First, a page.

'The Promise functions as a spare but thoroughly satisfying parable, the decline of the Swarts into moral degeneracy and death tracing the forsaken promises of the post-apartheid era, from early hope to the contemporary realities of corruption and racial enmity . . . [a] magisterial, heart-stopping novel.' - Nat Segnit, Times Literary Supplement

'A complex, ambitious and brilliant work - one that provides Galgut's fullest exploration yet of the poisonous legacy of apartheid . . . Galgut describes his characters with rare assurance and skill, conjuring them to life in a narrative voice that moves restlessly from character to character . . . Rarely have I had such a strong sense, while reading a novel, that I myself was there, in the room with the characters.' - William Skidelsky, Financial Times

'Remarkable . . . The Promise suggests that the demands of history and the answering cry of the novel can still powerfully converge . . . the novel's beautifully peculiar narration aerates and complicates this fatal family fable, and turns plot into deep meditation . . . Galgut is wonderfully, Woolfianly adept at moving quickly between characters' thoughts.' - James Wood, New Yorker

'The Promise by Damon Galgut is a masterpiece - one of the best books I have read in the past decade and definitely my book of the year so far. Galgut is a master of the form. His free-flowing prose moves effortlessly from inside one character's head to another and displays a wealth of compassion and insight from multiple perspectives. This novel is a moving, brilliantly-told family epic with political resonance which also manages in parts to be darkly comic. Phenomenally good.' - Elizabeth Day

'Superbly narrated, Galgut's book combines state-of-the-nation novel . . . with something like allegory or even Christian parable -- Phil Baker * Sunday Times

'A strange, skilful, spellbinding eighth novel . . . Galgut explores grief, despair and love in a way that feels ageless . . . By the end of this enormously enjoyable novel, our laughter has become complicity and farce become force.' - David Isaacs, Literary Review

'The Promise recalls the great achievements of modernism in its imagistic brilliance, its caustic disenchantment, its relentless research into the human. For formal innovation and moral seriousness, Damon Galgut is very nearly without peer. He is an essential writer.' - Garth Greenwell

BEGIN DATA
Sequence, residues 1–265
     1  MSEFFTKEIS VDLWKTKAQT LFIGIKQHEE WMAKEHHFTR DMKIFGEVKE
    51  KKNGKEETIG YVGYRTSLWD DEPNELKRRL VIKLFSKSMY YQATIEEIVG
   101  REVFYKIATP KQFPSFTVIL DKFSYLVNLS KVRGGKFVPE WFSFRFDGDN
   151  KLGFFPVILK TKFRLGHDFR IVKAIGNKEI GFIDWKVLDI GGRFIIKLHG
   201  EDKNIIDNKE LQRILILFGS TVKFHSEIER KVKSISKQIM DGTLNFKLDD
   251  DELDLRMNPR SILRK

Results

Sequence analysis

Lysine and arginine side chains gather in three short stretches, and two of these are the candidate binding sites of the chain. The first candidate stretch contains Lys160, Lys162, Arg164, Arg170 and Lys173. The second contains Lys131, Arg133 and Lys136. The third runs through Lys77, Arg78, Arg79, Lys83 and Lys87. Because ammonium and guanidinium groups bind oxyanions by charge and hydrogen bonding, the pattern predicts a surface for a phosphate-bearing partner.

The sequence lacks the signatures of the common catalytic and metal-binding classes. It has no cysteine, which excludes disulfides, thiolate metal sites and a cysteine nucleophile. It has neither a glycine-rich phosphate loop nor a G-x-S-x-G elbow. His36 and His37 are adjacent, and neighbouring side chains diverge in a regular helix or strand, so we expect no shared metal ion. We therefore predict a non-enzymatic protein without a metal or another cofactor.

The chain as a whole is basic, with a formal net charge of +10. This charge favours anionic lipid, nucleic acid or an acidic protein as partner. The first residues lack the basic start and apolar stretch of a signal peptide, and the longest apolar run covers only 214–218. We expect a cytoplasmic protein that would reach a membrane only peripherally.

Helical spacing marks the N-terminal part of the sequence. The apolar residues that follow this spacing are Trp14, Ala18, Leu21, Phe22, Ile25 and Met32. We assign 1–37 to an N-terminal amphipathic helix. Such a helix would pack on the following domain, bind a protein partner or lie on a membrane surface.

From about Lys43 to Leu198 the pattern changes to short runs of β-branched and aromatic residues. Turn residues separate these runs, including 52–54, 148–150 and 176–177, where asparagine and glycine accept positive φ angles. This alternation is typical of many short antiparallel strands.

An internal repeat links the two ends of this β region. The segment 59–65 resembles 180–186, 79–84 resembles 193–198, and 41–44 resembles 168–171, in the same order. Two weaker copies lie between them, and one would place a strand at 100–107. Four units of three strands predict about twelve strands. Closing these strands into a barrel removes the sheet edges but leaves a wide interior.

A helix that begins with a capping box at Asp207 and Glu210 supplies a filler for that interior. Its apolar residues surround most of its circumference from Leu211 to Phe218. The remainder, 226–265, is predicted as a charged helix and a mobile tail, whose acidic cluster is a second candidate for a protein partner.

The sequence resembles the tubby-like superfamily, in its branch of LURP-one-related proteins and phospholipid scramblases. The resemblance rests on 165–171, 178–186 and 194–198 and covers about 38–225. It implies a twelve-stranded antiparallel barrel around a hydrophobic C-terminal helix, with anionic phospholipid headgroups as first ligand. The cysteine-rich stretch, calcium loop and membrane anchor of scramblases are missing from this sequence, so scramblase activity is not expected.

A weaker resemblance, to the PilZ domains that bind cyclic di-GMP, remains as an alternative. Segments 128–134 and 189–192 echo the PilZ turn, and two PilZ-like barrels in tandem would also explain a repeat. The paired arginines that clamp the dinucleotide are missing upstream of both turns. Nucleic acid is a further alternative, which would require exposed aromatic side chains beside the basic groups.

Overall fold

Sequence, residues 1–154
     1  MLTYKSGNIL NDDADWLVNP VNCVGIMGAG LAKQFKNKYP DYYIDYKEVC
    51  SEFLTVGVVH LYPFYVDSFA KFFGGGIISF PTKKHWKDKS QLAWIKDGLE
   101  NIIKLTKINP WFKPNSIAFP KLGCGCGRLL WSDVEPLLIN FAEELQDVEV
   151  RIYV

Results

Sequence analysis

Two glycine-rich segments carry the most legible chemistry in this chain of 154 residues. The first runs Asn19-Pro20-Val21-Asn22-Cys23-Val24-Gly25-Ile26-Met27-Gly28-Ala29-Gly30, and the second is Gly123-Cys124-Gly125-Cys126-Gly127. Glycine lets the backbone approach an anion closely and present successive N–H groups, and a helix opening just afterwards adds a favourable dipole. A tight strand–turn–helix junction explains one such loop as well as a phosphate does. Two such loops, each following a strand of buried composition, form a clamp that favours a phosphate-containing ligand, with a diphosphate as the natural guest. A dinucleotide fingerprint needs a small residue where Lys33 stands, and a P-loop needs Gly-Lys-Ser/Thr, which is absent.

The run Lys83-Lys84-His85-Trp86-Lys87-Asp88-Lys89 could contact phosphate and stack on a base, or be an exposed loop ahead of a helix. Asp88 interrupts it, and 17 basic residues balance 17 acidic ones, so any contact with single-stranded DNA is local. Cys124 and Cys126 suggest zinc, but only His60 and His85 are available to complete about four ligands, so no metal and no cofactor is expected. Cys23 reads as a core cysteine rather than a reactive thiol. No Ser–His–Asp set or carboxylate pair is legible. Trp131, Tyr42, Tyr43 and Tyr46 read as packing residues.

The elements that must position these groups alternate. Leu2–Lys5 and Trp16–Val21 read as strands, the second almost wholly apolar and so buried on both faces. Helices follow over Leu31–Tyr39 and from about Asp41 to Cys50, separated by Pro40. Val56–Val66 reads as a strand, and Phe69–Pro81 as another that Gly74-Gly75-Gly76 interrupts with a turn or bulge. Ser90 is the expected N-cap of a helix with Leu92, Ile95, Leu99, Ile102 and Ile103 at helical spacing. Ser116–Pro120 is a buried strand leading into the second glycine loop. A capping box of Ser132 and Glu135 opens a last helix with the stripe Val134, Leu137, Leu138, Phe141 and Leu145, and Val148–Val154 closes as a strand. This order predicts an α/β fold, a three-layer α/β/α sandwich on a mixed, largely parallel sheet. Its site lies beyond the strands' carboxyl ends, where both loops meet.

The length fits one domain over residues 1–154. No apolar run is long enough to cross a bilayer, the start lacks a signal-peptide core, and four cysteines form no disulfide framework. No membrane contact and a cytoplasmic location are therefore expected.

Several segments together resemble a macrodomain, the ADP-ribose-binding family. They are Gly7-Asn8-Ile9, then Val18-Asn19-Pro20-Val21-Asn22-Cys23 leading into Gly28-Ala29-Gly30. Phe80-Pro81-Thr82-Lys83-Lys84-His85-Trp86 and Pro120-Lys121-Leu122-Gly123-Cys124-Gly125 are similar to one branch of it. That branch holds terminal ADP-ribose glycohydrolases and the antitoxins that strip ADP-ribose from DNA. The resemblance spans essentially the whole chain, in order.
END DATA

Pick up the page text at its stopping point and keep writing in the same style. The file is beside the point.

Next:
'Galgut understands the complexities of the human heart which he reveals with the finest delicacy. This is an emotionally powerful and thrilling novel that haunts one long after it has been laid down.' - Gabriel Byrne

'I was mesmerised by The Promise, Damon Galgut's novel of the decline and fall of a South African family, told over four decades and four funerals. These are characters dancing on the edge of ruin, living out their lives around a family farm in Pretoria, a place suffused with the threat and consequence of violence. Galgut's prose is intoxicating, managing the rare feat of being utterly liberated and fiercely controlled. A brilliant book.' - Anna Hope

'If possible, The Promise packs yet more of a punch than Galgut's previous novels. Fuelled by sex and death, this is a South African Gotterdammerung charting a white family's inexorable decline from significance and power. Its indignation at its morally bankrupt central characters is leavened with languid comedy, as though Galgut had collaborated with Tennessee Williams. The effect is utterly compelling.' - Patrick Gale

'So acute, indeed, are Mr. Galgut's descriptions - of a character's inner life, a body's fragility, a family's shared wounds, a country's accumulated scars - that they seem like our perceptions, not his . . . Time and again in Mr. Galgut's fiction, South Africa materializes, vast, astonishing, resonant. And on this vastness, he stages intimate dramas that have the force of ancient myth.' -  Anna Mundow * Wall Street Journal *

'The Promise satisfies in so many ways: a multi-layered family story set against the shifting destiny of South Africa itself since Mandela; its characters' stories interwoven in prose that is poignant and wryly amusing. The book's power and immediacy merge to create an outstanding novel of its time.' - Joan Bakewell

'Damon Galgut is a consummate and provocative writer whose books always dazzle and delight me. His new book, The Promise, brilliantly illuminates how both a small family and a large world endure - or don't endure. It is both tender and brutal, and Amor, its enigmatic heroine, is the most fascinating character I've encountered in recent fiction. I will remember her, and this beautifully devastating book, for a long time.' - Peter Cameron

Damon Galgut: The Waterstones Interview


We spoke with Booker Prize-winner Damon Galgut about finding the right viewpoint for this novel, tackling the pressing issues of South Africa and making it third time lucky.